The settlement agreement proposed yesterday would establish two classes of asbestos victims. The families of victims who have already died and those with life-threatening illnesses such as cancer, estimated to be about 25,000 cases, would have their claims processed over the next two years. About 100,000 less serious cases would be eligible for funds beginning in the third year. While claims from both groups would be processed more promptly, full payments would take many years.

The plan would require that the trust settle claims with greater speed than in the past, when many victims of asbestos died waiting to be paid.

Both groups would receive 45 percent of the settlement amount that the trust has been paying for that particular disease. For example, the $100,000 amount that cancer victims have traditionally received from the trust would be reduced to $45,000 under the settlement agreement.

After weeks of sometimes caustic negotiations, some of the plaintiffs' attorneys who negotiated the settlement with a court-appointed adviser still came away less than happy.

"It was a bitter pill to swallow, but the best we could do under the circumstances," said Ron Motley of Ness, Motley, Loadholt, Richardson & Poole, a Charleston, S.C., firm that represents thousands of asbestos plaintiffs. "We all came to the conclusion that there isn't enough money and this is the best we could do."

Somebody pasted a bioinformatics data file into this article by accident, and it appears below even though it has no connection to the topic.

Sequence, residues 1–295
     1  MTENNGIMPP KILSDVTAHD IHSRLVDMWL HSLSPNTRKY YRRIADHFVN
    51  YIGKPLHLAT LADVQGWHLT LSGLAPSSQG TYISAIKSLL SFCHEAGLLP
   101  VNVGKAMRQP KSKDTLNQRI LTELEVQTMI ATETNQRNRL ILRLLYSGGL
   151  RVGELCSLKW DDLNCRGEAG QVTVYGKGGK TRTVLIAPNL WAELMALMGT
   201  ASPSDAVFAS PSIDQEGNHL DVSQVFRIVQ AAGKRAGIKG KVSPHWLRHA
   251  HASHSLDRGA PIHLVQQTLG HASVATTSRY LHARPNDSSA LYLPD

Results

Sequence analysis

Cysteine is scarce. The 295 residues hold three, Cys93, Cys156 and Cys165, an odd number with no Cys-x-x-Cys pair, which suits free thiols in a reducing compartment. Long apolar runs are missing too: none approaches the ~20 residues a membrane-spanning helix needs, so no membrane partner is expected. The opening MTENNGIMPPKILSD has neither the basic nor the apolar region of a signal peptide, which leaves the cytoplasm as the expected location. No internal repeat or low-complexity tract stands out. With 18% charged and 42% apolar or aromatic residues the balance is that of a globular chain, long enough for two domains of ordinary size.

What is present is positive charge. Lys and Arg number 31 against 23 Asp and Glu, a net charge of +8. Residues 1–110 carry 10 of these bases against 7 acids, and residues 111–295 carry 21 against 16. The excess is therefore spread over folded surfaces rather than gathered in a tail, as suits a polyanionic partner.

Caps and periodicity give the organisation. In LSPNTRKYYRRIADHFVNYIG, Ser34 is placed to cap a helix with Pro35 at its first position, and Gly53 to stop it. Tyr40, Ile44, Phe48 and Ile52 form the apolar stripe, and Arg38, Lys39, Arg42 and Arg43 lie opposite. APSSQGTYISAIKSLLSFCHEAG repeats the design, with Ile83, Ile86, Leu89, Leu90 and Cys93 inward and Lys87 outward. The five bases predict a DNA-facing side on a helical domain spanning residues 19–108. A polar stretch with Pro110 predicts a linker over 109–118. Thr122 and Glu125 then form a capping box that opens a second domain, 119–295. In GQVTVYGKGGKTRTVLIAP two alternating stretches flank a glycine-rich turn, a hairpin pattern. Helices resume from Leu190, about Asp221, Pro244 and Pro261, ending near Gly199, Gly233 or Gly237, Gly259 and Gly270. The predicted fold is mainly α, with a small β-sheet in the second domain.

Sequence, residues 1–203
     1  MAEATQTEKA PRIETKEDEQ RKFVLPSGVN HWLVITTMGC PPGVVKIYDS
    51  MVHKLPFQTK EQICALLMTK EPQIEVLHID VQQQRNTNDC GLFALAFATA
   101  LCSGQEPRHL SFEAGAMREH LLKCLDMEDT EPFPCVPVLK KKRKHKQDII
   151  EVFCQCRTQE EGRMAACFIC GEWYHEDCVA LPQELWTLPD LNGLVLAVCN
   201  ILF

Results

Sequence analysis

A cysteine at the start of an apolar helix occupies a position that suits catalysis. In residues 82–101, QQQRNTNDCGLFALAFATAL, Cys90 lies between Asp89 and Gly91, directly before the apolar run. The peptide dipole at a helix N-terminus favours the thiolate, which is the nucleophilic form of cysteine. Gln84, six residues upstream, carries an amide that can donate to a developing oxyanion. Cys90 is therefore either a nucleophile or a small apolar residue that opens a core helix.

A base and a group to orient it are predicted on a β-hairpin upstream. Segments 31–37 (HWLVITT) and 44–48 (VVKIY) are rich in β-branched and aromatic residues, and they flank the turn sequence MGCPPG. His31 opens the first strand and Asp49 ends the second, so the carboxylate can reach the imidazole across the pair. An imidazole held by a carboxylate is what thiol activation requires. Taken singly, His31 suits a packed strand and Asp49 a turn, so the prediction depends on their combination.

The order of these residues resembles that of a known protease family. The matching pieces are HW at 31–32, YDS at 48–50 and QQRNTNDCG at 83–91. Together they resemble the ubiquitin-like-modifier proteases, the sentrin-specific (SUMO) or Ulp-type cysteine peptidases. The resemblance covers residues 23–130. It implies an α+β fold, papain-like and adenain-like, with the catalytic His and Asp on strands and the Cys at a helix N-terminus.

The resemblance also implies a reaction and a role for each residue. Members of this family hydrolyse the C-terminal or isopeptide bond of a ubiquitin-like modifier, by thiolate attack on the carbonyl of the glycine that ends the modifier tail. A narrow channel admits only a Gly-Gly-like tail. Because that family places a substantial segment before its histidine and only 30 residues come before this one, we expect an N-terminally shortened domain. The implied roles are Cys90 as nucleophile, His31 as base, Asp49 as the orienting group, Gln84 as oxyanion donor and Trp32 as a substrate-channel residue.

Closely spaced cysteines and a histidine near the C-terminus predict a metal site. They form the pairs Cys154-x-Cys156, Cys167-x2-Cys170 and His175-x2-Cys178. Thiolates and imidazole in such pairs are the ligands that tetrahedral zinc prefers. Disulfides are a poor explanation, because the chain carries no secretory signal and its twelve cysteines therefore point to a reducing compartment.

One of the attorneys, who asked not to be identified, said he may oppose the settlement agreement in court.

Critics of the trust have blasted the previous method of payment, in which the first victims to file were the first to receive their payments. Those early payments also have been criticized for being too high relative to the severity of the illnesses.

The settlement would also reduce the amount of money that plaintiffs' lawyers receive. Traditionally, attorneys who filed cases for asbestos victims received 33 percent to 40 percent of the total award. Weinstein and others have been extremely critical of such fees, which have eaten up hundreds of millions of dollars of the payouts. Under terms of the proposed settlement, attorneys would receive 25 percent of the total award.

Critics have argued that some plaintiffs' attorneys have become rich while paralegals do most of the rote work of processing claims of asbestos victims and their families.

Several attorneys involved in the process said Weinstein was likely to alter attorneys' fees if they didn't. However, they said the new fees do not bode well for the additional 70,000 victims who some say could still file claims.

"This will significantly detract from their ability to get first-class lawyers," said Fred Baron, a plaintiffs' lawyer at Baron & Budd in Dallas. "That's a shame."

Weinstein had no comment on the settlement or on the future of trust officials yesterday.

The money for the settlement would come from a restructuring of the assets of Manville Corp., which would pay the trust up to $520 million in special dividends over the next seven years.

Staff writer Frank Swoboda contributed to this report.